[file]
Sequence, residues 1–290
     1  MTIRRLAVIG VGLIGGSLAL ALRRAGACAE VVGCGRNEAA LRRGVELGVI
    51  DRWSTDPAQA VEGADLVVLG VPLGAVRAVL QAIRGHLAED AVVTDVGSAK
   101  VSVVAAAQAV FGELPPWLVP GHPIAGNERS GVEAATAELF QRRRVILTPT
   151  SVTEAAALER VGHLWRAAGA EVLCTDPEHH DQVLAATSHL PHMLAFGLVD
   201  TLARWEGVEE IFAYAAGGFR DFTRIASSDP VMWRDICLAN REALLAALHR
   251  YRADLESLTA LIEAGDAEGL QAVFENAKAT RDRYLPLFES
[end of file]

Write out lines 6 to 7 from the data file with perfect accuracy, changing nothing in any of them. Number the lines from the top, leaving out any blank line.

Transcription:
   201  TLARWEGVEE IFAYAAGGFR DFTRIASSDP VMWRDICLAN REALLAALHR
   251  YRADLESLTA LIEAGDAEGL QAVFENAKAT RDRYLPLFES